23 February 2011

To give those moments back

Science fair.

No plants this year. Which is good. But other projects that I've judged year after year, no changes, interchangeable, tear-inducing (because I'm trying not to yawn).

I am a good judge, or so I am told. I am consistent and fair; I offer encouragement and suggestions. For this reason, I think, I get some of the best (suggestions) and some of the worst (encouragement) projects to judge.

Some kids are hopeless. They are disinterested and disengaged. I had one of those today. Some are terrified. One year, I had a boy who was so nervous that I told him, "I am going to leave now. You are going to take a deep breath. Then I will come back, and we will start over." And we did, down to me introducing myself a second time and offering him my hand. Things went ok after that. Sometimes, you get a do-over.

Some kids need direction. I had one of those today. Great project, original and interesting, but the student didn't know how to effectively present it. I offered some ideas for selling the project to county judges should it move forward, and then I went to the science teacher, and told him what I'd told the student. This one could go far, and I'd love to see that happen.

I've been doing this for a long time, and I've learned a few things from the experience. I take a proprietary interest in the projects I see that are done by the most motivated students, and occasionally I hear from those students (and sometimes their parents) that something I said really helped. I've been doing this for a long time, but I'm not so jaded by the plants and the hot dogs wearing sunscreen that I don't get a thrill from knowing that someone listened and that I made a tiny difference.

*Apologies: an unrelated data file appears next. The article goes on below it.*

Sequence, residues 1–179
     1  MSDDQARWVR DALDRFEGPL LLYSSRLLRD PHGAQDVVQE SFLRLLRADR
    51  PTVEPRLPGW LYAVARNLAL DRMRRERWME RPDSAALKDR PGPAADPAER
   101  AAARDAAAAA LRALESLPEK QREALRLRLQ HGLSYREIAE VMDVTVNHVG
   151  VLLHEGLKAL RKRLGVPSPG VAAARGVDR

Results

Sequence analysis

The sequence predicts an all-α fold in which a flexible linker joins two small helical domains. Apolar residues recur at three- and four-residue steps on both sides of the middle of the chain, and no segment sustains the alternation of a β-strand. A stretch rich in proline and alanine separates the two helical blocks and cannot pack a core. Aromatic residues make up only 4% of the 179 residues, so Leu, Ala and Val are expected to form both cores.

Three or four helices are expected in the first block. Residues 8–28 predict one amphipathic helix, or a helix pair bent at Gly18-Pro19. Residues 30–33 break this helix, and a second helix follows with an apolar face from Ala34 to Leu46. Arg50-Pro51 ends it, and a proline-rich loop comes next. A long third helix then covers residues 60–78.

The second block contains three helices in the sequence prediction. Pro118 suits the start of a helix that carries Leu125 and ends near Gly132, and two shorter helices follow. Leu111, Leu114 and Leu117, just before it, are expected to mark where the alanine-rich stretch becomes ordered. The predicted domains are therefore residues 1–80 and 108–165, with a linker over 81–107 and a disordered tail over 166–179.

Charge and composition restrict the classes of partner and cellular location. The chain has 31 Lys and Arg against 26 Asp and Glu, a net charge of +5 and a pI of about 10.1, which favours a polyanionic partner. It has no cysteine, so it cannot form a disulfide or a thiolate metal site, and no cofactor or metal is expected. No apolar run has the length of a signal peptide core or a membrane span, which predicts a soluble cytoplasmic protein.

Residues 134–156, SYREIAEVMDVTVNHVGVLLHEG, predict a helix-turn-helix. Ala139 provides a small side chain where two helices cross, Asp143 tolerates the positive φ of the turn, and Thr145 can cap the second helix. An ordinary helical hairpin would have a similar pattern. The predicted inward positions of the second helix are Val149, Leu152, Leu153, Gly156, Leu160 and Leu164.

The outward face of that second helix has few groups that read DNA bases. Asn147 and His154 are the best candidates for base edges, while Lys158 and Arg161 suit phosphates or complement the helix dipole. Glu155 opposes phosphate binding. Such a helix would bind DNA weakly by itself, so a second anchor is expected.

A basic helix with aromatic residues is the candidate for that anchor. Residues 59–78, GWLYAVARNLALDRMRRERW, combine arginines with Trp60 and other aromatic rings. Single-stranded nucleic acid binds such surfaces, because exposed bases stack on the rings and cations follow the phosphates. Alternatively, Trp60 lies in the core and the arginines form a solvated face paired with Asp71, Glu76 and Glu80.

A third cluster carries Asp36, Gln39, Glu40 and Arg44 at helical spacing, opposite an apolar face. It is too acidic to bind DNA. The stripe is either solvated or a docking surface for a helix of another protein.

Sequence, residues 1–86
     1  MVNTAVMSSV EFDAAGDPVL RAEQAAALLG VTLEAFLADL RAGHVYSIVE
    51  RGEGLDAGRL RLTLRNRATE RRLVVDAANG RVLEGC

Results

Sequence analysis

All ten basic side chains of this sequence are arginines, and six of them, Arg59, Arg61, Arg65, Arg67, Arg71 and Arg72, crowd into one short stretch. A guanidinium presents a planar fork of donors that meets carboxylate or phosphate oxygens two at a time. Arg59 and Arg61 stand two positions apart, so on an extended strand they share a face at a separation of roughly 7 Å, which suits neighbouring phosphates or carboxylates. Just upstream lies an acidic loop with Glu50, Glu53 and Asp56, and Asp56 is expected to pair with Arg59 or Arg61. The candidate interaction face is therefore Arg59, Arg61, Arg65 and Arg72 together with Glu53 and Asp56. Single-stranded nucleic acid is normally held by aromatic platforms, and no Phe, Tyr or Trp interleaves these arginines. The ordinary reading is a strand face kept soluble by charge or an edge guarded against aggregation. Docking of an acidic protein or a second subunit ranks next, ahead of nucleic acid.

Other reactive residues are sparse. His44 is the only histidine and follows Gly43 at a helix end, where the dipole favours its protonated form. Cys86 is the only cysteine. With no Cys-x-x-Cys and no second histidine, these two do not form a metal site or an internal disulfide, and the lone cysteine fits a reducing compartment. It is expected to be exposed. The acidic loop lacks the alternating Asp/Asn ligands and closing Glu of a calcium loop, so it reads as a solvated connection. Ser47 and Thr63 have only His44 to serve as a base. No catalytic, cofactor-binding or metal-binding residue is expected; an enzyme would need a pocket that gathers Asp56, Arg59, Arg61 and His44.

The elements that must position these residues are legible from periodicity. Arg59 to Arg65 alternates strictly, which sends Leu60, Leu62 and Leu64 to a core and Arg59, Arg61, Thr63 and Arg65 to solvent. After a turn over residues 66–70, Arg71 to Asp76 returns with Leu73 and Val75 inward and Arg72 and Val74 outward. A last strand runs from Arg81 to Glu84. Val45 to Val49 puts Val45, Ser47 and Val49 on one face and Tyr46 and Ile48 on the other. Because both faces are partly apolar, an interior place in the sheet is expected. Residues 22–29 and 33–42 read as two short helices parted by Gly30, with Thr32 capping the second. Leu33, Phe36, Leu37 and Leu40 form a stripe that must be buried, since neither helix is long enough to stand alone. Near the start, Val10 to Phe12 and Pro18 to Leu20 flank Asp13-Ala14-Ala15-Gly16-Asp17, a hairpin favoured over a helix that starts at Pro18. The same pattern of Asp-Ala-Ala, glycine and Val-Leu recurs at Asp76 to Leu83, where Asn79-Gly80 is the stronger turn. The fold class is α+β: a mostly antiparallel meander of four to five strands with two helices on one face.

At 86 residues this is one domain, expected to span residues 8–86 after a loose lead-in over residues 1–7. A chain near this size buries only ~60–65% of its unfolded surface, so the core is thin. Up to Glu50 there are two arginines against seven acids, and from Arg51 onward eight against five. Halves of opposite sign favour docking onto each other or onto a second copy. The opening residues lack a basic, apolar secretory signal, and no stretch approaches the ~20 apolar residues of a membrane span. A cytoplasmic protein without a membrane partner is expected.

If nothing else, I want to see these kids learn something from the agony that is science fair. I talk to them about how their projects fit into the realm of experimentation, how their project fits into the scheme of Science. I want them to learn how to be good consumers of science, to see the larger picture and to understand how to ask the big questions.

I feel quite certain that those who are willing to question are less likely to fall for the glamour of the emperor's new clothes.

Go listen to some good music: "Moments of Pleasure" from the album The Red Shoes by Kate Bush.

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